Don’t panic. I’m not saying that insights aren’t important. I’m just saying that they’re not a prerequisite for great advertising. If you have that rectangular block in your brief labelled ‘Insights’, I would suggest you remove it forthwith. I will explain why shortly. I also suggest you remove the rectangular blocks themselves – creative should not be presented with a form that looks like an IRP5 – briefs, believe it or not, need to look inviting.

 

A definition

I have defined an insight quite simply as *

  1. An understanding
  2. That can be leveraged for a result
  3. In a certain dimension (time and space).

As an example, I will use my stint as a lecturer to first year marketing students who had been freshly released from school. Coming to grips with their new-found freedom, they were somewhat difficult to control. If I had something important to say (which happened from time to time), asking them to be silent for a moment would have had very little effect. So I devised this trick: I would say at the top of my voice “CONCERNING THE EXAM”. You could hear a pin drop. Why?

Relating to the above definition:

  1. I understood that they were totally averse to studying anything that wasn’t going to be in the exam. Heaven forbid.
  2. The result I got was silence.
  3. The dimension was the classroom just before exams (had I tried the same strategy after exams, it would have had little effect).

To discover more on strategy and insights, attend Sid Peimer’s course in Durban, Cape Town and Joburg this month: Essential Strategic Planning Skills for Client Service Creative and Non-Planners this month in Durban, Cape Town and Joburg.

 

All that the creatives need

Creatives don’t need an insight (as described above) to create great advertising. I must admit, and hopefully will escape prosecution for having reverse-engineered an insight in the past to fit in with a great concept. I guess some things are not below me.

All the creatives need is a clear description of the target market. LSM should never be in your description of the target audience in your creative brief. I’ve been in the business for 15 years and I still don’t have a clear idea of the consumer when I’m given LSM’s in the brief. Describing the consumer as LSM 10, income above R30 000, 30+ and male would include my uncle, Clint Eastwood as well as a number of very successful drug dealers. However, I did input my details into the LSM calculator and found out that I was LSM 9 due to the fact that I did not have DStv. I now have DStv.

So what best serves creatives? All they need to know is who they’re talking to. They don’t need a description of the exact person (eg Angela lives with her aunt in a middle-class neighbourhood and wants to own an iPhone); neither do they need a sweeping ‘males over 35’. There is no specific formula, but if there’s LSM in your creative brief, you might as well not be working there – you’ve added no real value to the process.

However, insights can play a crucial role; my argument is just that an insight is not a compulsory prerequisite for great advertising. Sometimes, however, a deceptively simple insight can create a beautiful strategy (yes, strategies can be beautiful). The following strategic insight by SSP3 Colombia is elegance personified. (1)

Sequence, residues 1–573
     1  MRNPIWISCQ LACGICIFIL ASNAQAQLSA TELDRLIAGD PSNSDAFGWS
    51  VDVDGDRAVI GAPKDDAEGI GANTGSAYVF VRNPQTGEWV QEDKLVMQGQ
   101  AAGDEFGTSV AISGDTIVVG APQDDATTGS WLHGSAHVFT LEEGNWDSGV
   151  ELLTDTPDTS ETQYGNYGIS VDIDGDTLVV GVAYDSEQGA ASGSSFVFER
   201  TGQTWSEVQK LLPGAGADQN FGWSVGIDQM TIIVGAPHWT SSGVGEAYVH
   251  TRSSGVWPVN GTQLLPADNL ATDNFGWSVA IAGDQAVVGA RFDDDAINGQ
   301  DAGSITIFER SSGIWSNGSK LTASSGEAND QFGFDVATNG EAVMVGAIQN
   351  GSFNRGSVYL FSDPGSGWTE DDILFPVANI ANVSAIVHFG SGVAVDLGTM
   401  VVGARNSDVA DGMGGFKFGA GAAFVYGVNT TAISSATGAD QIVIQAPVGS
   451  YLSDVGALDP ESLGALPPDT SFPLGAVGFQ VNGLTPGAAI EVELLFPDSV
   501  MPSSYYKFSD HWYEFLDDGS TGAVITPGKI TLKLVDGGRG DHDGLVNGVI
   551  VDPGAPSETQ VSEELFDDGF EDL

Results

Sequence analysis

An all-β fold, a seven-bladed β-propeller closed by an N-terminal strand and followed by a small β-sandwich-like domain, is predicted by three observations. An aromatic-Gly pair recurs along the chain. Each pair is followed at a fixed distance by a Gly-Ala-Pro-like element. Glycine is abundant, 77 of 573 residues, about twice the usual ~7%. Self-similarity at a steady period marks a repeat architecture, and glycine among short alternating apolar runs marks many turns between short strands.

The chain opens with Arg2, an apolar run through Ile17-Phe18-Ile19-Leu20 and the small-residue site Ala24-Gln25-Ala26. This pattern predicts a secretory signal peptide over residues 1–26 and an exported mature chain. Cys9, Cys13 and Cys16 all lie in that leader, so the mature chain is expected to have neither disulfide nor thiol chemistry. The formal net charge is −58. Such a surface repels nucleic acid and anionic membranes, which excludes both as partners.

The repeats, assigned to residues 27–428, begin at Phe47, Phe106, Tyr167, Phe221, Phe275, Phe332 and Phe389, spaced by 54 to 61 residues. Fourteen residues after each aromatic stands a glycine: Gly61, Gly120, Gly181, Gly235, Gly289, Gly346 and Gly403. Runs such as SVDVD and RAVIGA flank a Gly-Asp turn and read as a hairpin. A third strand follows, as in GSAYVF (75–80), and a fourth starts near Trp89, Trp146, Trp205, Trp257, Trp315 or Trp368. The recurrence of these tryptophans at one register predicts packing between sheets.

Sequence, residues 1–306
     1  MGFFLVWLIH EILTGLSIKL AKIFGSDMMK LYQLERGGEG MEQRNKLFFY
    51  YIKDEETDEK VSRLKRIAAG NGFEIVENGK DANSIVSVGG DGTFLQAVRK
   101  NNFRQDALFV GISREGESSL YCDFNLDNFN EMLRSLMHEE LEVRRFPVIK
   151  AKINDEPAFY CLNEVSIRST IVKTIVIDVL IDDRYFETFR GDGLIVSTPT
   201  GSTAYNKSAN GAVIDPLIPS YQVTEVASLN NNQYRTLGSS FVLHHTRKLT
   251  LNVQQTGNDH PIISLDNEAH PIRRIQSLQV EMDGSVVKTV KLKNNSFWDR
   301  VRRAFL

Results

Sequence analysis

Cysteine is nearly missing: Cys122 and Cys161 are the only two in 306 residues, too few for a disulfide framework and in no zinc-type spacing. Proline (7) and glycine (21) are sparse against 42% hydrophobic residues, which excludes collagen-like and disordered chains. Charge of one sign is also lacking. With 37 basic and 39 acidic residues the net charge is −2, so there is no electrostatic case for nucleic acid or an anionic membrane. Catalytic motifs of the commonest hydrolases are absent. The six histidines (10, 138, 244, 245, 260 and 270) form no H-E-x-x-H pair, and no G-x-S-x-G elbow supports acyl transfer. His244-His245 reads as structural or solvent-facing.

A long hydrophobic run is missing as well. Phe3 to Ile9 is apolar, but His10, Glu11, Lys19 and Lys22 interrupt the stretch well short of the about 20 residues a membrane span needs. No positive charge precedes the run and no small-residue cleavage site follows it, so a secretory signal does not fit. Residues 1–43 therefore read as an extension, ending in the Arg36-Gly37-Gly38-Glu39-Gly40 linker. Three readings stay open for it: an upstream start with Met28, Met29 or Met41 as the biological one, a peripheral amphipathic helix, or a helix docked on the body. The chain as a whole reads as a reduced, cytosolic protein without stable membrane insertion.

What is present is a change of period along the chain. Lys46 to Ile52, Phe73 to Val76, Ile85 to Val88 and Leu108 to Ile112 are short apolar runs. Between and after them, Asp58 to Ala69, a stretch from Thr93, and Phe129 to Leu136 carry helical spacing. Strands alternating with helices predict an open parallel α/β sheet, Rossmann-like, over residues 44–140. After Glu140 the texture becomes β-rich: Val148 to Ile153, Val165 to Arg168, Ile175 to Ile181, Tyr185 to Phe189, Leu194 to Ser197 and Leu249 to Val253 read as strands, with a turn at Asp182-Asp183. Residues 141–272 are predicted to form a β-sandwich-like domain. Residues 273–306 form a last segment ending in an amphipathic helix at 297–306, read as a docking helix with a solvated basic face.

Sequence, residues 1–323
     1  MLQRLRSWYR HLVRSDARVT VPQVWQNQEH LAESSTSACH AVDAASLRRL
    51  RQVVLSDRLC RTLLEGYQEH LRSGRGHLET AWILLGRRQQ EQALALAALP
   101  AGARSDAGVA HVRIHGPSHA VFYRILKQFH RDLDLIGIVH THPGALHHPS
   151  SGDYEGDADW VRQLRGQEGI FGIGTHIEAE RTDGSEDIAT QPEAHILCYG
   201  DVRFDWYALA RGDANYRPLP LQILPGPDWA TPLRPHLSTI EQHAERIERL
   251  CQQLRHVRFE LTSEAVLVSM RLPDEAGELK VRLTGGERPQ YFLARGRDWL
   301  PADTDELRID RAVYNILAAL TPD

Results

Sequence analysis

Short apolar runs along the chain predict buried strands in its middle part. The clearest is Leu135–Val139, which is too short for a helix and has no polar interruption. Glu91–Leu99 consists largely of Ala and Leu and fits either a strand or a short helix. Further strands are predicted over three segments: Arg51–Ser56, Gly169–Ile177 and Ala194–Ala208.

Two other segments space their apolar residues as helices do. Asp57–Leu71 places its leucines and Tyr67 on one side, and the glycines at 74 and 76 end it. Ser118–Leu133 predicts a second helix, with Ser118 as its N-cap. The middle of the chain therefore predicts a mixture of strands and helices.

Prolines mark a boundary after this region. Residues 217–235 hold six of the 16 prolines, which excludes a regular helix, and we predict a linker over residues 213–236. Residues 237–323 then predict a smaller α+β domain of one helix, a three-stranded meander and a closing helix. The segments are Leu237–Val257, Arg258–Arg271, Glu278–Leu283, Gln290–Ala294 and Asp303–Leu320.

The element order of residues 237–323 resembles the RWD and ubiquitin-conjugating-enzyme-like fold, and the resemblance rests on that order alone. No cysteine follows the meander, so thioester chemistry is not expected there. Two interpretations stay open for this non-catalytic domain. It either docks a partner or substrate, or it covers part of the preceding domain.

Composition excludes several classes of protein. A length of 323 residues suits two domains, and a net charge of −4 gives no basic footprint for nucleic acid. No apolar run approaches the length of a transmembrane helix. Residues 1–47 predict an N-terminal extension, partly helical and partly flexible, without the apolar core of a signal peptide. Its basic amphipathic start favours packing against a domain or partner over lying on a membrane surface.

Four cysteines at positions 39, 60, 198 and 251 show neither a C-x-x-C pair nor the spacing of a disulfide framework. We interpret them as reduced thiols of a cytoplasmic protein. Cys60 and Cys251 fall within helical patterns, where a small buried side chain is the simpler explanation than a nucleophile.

Insights against terrorism

In 2011, the FARC terrorist group in Columbia was responsible for committing a terrorist act every three days. The agency was asked to come up with a strategy to demobilise them (ie get them to go back home, as opposed to living as outlaws in the jungle). Interviewing 200 ex-guerrillas revealed a powerful insight: Christmas was a difficult time for them, as they were far removed from their homes where they could celebrate with family and friends. They were literally trapped in the jungle.

The agency came up with something extraordinary: Operation Christmas. I quote directly from the award-winning paper:

Two professional anti-guerrilla contingents, 2,000 LED lights, and 2 Black Hawk helicopters travelled into the jungle to find and cover giant trees with Christmas lights. Placed alongside the guerrillas strategic walking paths the lights would come on when they approached, with banners exhorting them to lay down their arms becoming visible too. The powerful, timely and well-located messaging encouraged 331 FARC guerrillas to demobilise and re-enter society – a 30% uplift on the previous year. In challenging circumstances, planning drew together powerful insights to create a core, successful, thought – taking the spirit of Christmas to the guerrilla strongholds.

All I can say is ‘wow’. Now that’s an insight. Simple. Beautiful.

 

To discover more about strategy, attend Sid Peimer’s course in Durban, Cape Town and Johannesburg: Essential Strategic Planning Skills for Client Service Creative and Non-Planners in October 2013.

 

* Diageo has a similar definition in the public domain: An insight is a penetrating observation about consumer behaviour that can be applied to unlock growth. My insight definition was developed in 2005 before I became aware of theirs this year.

Reference 1: Juan Pablo Garcia. Colombian Ministry of Defence: FARC Operation Christmas – Reaching the soft-side of hard-core guerrillas. Account Planning Group – (UK). Grand Prix; Best channel strategy; Best use of research, Creative Strategy Awards, 2011.

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